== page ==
Your are viewing a read-only archive of the old DiS boards. Please hit the Community button above to engage with the DiS !
I mean people who adopt the whole economic model.
think theres a few librarians too
the trick is to filter it all out then make a joke about her age.
I was going to make a librarian joke.
might be easier
I'm a librarian!
Which he swiped from my Facebook.
I'm a librarian. But I work for a law firm. So I'm basically evil :(
but those political spectrum tests beg to differ.
»I am anti-state, but I'm no anarchist. I believe strongly in personal liberty and in giving people the tools to do things themselves, and trusting them to do so. Obviously, not everybody can, and so a just society needs to help those who need it. Therefore, I'm a free-market supporting liberal verging on libertarian.«
pre-emptive "you're a tosspot"
But overall, I find it a pretty immature Political Ideology
I mean John Locke and Sarah Palin are both rather different...
I actually believe that the majority of people are instinctively both libertarian and socialist, and that most people's political views are based on how they reconcile these two differing/seemingly opposed instincts.
Reminds me of Alain DeBotton...
I have no such shackles, nor do I purport to be saying anything profound.
Im not sure you can contrast the guy from lost with a tea party loonytune
with individual rights/freedoms yadda yadda.
But don't know how this logically extends to everyone being "free" to carry around home-made pipe bombs, or how so many essential institutions would then have to survive solely on charitable donations.
Hence why people are involved in a kind of endless reconciliation of how freedoms/responsibilites should and can co-exist.
Cos I've always thought of myself as liberal and I've always seen it as similar to socialist/left wing.
Ie. I believe in social fairness, against right wing style government control like censorship/snooping on people etc, generally not being a prick and doing what we want so long as it doesn't hurt others.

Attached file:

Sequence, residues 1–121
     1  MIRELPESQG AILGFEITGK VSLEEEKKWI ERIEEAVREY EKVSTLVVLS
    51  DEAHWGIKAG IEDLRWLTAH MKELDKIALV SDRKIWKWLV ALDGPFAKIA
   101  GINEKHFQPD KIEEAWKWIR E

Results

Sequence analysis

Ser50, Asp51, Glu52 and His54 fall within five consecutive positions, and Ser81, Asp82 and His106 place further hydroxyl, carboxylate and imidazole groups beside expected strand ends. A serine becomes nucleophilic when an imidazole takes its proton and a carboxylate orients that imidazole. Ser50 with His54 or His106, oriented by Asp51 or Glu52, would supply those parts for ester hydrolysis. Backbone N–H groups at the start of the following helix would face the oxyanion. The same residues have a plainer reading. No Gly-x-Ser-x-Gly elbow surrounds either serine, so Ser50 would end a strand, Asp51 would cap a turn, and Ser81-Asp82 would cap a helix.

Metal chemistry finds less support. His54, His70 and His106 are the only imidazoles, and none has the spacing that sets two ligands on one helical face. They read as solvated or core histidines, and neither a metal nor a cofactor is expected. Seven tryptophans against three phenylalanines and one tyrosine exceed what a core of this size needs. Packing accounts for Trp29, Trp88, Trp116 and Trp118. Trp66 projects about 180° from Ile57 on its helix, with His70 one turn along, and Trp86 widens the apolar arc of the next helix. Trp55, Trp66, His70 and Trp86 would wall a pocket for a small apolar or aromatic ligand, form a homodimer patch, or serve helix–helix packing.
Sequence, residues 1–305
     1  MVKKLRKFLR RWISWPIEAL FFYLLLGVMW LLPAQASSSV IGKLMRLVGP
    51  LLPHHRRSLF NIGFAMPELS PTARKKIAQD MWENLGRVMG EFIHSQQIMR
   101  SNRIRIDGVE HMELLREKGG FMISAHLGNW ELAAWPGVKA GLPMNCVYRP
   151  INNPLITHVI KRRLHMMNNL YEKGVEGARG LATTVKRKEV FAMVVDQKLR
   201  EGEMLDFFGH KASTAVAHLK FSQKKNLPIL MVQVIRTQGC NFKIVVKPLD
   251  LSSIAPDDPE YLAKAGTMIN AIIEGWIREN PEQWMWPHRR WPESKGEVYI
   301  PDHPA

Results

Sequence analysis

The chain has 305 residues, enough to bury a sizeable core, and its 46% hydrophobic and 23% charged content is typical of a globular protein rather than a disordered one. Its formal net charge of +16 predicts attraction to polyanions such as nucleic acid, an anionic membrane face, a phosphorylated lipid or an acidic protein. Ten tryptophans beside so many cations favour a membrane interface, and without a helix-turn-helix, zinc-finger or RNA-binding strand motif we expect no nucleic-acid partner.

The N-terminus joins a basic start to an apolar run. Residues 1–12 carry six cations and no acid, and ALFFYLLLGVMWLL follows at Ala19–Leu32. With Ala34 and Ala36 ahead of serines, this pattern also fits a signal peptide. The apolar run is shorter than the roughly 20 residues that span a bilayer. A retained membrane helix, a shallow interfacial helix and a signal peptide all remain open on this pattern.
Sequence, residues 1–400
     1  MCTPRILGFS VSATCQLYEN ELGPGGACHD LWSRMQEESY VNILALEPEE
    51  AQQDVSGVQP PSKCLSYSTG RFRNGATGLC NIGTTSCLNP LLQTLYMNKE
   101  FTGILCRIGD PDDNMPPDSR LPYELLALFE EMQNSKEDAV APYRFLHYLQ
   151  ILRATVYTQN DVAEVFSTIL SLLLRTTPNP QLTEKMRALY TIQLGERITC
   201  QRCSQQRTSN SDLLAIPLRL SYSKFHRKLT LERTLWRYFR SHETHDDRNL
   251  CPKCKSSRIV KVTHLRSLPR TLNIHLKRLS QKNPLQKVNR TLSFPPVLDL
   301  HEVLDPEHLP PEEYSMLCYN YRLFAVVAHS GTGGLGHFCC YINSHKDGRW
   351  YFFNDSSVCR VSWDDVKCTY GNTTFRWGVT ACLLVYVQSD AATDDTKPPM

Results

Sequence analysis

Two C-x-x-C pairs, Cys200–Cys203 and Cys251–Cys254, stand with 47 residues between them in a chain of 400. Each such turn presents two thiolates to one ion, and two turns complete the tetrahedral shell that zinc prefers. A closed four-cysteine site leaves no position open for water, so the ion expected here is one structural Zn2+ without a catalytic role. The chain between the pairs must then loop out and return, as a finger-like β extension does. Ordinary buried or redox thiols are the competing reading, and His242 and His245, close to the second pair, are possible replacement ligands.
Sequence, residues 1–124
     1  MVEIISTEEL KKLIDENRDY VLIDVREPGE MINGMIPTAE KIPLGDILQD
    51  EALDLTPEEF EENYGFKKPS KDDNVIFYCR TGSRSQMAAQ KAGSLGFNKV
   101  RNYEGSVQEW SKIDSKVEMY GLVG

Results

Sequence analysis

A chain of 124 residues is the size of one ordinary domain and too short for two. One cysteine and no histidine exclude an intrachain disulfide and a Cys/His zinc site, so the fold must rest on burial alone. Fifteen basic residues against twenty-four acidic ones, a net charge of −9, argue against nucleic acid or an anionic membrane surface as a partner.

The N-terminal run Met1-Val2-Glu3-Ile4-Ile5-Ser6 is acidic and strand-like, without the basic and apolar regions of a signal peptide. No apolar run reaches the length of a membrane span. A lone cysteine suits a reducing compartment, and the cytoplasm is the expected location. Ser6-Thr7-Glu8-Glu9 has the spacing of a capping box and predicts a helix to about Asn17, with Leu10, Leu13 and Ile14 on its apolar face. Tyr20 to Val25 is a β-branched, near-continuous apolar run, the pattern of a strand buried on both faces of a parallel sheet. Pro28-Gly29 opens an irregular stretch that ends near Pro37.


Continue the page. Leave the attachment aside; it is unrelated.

NOW - often on here people talk about libertarian hand in hand with Tories/right wing attitudes. Which confuses me. Is that soley in a econonmic and capitalist sense (ie fairly unregulated)?
Or are liberal and libertarian different things altogether?
you're right about liberals
the libertarian right believe that the free market, with no government interference, will solve world problems, because it's "human nature" for people to be selfish and if we just let them pursue this then suffering would stop (originally because it's God's will for this to happen, but nowadays you also have weird social Darwinists in this group). importantly they still believe in private property, i.e. people should be allowed to own the 'means of production'.
the libertarian left aka anarchists/libertarian communists (not sure if there is an important difference between these two groups) look to destroy private property as well as the state, capitalism, work etc etc
are just selfish bell-pieces who either can't recognise their own privilege, or can and don't care.
but i just find most of its vocal proponents a bit swivel-eyed
UKIP/Jeremy Clarkson etc. are probably the best examples of this curious (and horrid) strand of (modern?) libertarianism.
They all seem to be mad keen on repealing the smoking ban in public places too. Probably the most evident example of the `selfishness` of their thought.
Another way to look at it, while still a gross simplification, is to introduce an authoritarian/liberal axis. It's not an ideal way to look at it, but it's better than nothing.
In terms of liberals/libertarians, they share a common belief that the state should not intrude on personal liberties, but the dividing line seems to come down to the difference between those who are social liberals (i.e. pro-choice, anti-racist, anti-homophobic etc.) and those who are also economic liberals (i.e. no state provision, no safety-net etc.).
In truth, many of those who call themselves Libertarians are actually socially conservative (pro-life, homophobic etc - more like the Neo-conservatives) while also being pro-corporations and pro-government if it benefits those corporations. It's no coincidence that the so-called Tea Party is not really a grass-roots organisation, but is instead a huge political machine funded by large corporations and very wealthy businessmen, primarily motivated by the desire to reduce their tax bill and lower the cost of labour.
The conservative, pro corporation libertarians sound like standard republican/tory right wingers with a nicer name.
i.e. economically, and I think the term liberal it's still used in this sense in quite a few european countries
but in England it's pretty much entirely used in a the sense you use it now (deriving from American usage? I dunno)
gotta be Margaret Thatcher (aka. T-Mazzle aka. T.A Maracas) for me
especially the bit about her dying sad, and alone, and penniless, and unable to afford private healthcare.
now THERE was someone who lived and died by her principles.
the third great philosophic death, after Socrates and Spinoza
We all love him right?
US college students going through a phase? It seems like a very American thing to me.